Kent State Wellness Goes to Capitol Hill
Federal legislators in the nation’s capital recently got schooled on how Kent State University has made a positive impact in reducing stigma and encouraging self-help behaviors to combat depression, and more specifically, depression in the workplace.
Hosted by the Healthcare Leadership Council and titled “Feeling and Thinking Better: Uncovering the Hidden Cost of Depression and Shifting the Treatment Paradigm,” the mental health and cognition forum brought together experts in the field to discuss the prevalence of depression, what it looks like in the workplace and effective strategies for addressing major depressive disorder. Kim Hauge, Kent State’s manager for University Wellness and Healthy Campus Promotions, shared Kent State’s insight into major depressive disorder in the workplace.
Additional presenters included Alice Medalia, Ph.D., of Columbia University Medical Center and Gregory Mattingly, M.D., of Washington University School of Medicine. Medalia and Mattingly shared with attendees their research on the cognitive impact of those suffering from major depressive disorder. This is a very important message for patients as well as employers as research states that of the 14 million adults suffering from depression, nine out of 10 suffer from cognitive impairments, too, such as trouble concentrating, and these problems are often overlooked.
Recognizing that depression is on the rise globally and is one of the chronic conditions affecting the university’s workforce, Kent State’s Benefits and Wellness department developed a plan to educate the university community on the prevalence of major depressive disorder, and its signs and symptoms. The awareness and education campaign at Kent State integrated its employee assistance team from Impact Solutions, along with “Right Direction,” a free, turnkey depression awareness campaign that gives employers the necessary tools to address and manage the effects of depression among employees.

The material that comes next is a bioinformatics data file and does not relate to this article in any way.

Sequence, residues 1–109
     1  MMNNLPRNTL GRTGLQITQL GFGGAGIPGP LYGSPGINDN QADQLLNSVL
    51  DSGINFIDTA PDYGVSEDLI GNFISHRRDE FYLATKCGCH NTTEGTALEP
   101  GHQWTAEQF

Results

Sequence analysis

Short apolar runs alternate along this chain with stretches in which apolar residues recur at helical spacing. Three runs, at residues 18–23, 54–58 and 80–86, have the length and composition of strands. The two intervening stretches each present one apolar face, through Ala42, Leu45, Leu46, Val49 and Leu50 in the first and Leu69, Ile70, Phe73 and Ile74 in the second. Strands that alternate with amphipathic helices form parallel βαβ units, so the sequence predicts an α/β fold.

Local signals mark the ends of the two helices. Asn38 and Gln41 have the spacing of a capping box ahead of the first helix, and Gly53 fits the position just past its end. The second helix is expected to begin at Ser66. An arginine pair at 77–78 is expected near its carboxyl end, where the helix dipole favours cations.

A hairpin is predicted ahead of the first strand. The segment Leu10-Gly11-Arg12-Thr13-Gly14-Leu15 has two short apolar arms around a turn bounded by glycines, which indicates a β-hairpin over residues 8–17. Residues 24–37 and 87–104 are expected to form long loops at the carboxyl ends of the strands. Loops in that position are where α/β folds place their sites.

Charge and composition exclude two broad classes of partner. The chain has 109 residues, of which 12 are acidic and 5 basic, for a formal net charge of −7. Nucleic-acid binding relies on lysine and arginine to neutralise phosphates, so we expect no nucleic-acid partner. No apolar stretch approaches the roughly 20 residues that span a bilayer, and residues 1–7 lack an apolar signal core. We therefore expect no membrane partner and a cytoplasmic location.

“Important objectives for this campaign included recognizing symptoms, such as withdrawal from the work team, indifference, putting things off, missed deadlines, low motivation and lack of concentration as some of the symptoms of major depressive disorder,” Hauge says. “This campaign was held over a four-month period, visiting each campus location. The other purpose of this campaign was to provide employees with a greater awareness of the resources available for help and support. This is where the robust services of our Employee Assistance Program proved so pivotal.”
“What we saw post-campaign was an immediate increase in traffic to the Employee Assistance Program website, including a 10-percent increase in web hits and almost a 2-percent increase in the first six months for mental health services usage rates,” Hauge says. “That trend has continued to climb in the months and subsequent two years as we keep this messaging part of our overall wellness strategy. This type of positive self-advocacy is exactly what we would hope with our messaging.
“Our desire was to reduce stigma around mental health, create awareness and empower employees to self-advocate,” Hauge adds. “As we know, early intervention is the best medicine for recovery from depression and avoidance of further disability and costly levels of care. Based on our data, we are achieving what we set out to do.”
Additional components of Hauge’s presentation to the Healthcare Leadership Council included the importance of messaging, discussion about resources that are available to employers to help with messaging, cost avoidance through intervention and consistency with the campaign.
“It cannot be a ‘one and done’ to be effective,” she says. “At any time in life’s journey, anyone can experience a battle with depression. Whether it’s triggered by a catastrophic loss or other factors, employers can support and retain employees by providing advocacy and resources to combat the adverse effects of depression.”
The council expressed that the sharing of such compelling data will be extremely helpful as stakeholders in attendance work on policies that promote a better understanding of major depressive disorder and the best ways to treat it.
For additional information on Kent State’s confidential Employee Assistance Program through Impact Solutions, visit www.kent.edu/hr/benefits/employee-assistance-program-impact-solutions.
For more information about the Healthcare Leadership Council, visit www.hlc.org.